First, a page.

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Relativity

The theory of relativity encompasses two theories, special relativity and general relativity. The concepts introduced by the theories are:

- Measurements of various quantities are relative to the velocities of observers.
- Spacetime: space and time should be considered together and in relation to each other.
- The speed of light is nonetheless invariant, the same for all observers.

Special Relativity

Special relativity is the theory of the structure of spacetime. It is based upon two postulates.

1. The laws of physics are the same for all observers in uniform motion relative to one another (principle of relativity).
2. The speed of light in a vacuum is the same for all observers, regardless of their relative motion or of the motion of the source of light.
The theory copes with experiments better than classical mechanics but copes with many consequences such as

- Relativity of simultaneity
- Time dilation
- Length contraction
- Mass-energy equivalence
- Maximum speed is finite

The feature that defines special relativity is the replacement of the Galilean transformations of classical mechanics by the Lorentz transformations.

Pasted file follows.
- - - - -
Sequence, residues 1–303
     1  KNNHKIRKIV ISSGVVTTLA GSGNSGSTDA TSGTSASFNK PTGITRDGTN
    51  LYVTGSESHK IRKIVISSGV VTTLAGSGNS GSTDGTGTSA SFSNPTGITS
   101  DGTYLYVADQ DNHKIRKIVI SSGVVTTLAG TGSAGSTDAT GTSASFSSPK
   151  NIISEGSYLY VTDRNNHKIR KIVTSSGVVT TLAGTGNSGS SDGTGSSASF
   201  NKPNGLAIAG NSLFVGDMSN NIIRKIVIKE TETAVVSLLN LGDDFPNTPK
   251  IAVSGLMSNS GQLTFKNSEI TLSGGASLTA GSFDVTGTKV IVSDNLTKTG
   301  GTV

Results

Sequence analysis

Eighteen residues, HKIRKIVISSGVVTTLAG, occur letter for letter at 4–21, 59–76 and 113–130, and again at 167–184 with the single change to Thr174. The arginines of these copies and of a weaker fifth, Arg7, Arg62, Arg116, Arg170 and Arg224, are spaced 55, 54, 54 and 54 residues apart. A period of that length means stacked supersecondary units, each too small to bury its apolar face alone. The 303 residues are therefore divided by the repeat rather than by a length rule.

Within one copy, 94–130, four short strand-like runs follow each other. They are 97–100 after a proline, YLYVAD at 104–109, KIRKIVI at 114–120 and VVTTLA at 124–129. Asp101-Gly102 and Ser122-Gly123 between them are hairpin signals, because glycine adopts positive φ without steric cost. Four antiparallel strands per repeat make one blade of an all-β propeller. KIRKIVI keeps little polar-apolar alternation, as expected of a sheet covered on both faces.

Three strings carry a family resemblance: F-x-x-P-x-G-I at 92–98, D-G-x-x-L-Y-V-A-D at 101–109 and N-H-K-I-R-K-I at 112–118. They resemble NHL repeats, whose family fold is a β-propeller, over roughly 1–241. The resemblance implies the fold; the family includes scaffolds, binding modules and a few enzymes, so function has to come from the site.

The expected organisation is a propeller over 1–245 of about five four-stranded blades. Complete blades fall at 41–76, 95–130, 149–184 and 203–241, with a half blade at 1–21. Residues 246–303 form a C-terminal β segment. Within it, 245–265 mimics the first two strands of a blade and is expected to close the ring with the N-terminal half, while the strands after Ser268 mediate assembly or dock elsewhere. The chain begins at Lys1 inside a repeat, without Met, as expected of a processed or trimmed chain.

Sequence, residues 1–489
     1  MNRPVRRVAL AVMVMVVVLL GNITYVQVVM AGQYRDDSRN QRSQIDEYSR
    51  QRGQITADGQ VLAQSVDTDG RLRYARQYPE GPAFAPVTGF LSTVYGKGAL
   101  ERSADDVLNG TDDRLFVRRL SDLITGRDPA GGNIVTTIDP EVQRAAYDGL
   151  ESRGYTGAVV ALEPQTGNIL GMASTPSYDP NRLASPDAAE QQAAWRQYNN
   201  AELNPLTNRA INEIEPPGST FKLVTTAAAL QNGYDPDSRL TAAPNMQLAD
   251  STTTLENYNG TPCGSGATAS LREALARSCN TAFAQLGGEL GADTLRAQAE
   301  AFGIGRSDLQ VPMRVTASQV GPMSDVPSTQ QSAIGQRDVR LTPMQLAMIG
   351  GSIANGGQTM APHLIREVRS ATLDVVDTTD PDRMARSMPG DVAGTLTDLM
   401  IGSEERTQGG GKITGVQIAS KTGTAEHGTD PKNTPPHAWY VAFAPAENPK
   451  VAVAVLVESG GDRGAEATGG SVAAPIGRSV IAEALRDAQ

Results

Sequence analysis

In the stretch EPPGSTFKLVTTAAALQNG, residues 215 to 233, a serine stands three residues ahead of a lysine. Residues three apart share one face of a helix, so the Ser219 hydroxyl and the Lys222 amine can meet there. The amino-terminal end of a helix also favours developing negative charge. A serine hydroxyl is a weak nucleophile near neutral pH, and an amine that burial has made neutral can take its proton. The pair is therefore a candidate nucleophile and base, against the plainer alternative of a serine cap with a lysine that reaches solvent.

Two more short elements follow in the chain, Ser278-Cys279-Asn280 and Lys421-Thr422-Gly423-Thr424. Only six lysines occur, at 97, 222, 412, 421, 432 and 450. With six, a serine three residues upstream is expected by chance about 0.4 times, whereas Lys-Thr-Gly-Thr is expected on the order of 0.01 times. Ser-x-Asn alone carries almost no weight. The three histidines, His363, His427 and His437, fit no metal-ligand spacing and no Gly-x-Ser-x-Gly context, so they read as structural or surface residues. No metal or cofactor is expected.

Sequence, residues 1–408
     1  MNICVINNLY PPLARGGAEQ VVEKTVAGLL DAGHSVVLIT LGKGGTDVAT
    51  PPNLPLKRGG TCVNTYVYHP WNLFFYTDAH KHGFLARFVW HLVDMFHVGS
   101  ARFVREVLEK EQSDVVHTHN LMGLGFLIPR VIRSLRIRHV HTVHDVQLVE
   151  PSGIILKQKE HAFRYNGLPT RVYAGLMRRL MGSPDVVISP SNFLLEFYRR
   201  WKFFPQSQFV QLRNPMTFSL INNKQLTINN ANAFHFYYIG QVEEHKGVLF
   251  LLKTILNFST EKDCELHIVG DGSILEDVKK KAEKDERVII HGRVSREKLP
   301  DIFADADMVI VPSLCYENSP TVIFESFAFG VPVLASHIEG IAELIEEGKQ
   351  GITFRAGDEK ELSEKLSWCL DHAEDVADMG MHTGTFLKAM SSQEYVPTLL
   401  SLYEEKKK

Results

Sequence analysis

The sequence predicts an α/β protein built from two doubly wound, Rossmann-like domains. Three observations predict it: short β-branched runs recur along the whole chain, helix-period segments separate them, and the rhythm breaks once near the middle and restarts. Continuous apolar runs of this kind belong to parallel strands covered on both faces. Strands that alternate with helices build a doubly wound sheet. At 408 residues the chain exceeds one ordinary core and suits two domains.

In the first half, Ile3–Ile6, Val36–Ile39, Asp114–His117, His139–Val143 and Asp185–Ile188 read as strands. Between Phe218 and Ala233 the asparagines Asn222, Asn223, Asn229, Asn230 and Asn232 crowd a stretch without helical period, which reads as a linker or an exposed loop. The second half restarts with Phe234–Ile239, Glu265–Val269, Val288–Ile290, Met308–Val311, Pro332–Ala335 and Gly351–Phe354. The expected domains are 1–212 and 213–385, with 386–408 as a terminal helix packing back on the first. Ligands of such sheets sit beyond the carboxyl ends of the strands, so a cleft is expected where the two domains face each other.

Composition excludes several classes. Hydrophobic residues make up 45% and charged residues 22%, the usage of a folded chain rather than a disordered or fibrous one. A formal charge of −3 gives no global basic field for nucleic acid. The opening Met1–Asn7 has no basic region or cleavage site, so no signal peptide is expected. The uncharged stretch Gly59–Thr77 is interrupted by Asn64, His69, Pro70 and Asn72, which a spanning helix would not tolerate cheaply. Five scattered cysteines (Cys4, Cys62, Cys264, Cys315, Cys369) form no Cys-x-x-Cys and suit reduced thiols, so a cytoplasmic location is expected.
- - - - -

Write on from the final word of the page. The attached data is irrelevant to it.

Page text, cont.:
General Relativity

General relativity is a theory of gravitation. The development of general relativity began with the equivalence principle. This principle states accelerated motion and being at rest in the gravitational field are physically identical. Some consequences of general relativity are:

- Gravitational time dilation
- Orbits precess in a way unexpected in Newton’s theory of gravity
- Rays of light bend in the presence of a gravitational field
- Rotating masses “drag along” the spacetime around them. This is called “frame-dragging”
- The universe is expanding and the far parts are moving away faster than the speed of light.

General relativity is the theory of gravitation whose defining feature is used in Einstein field equations.

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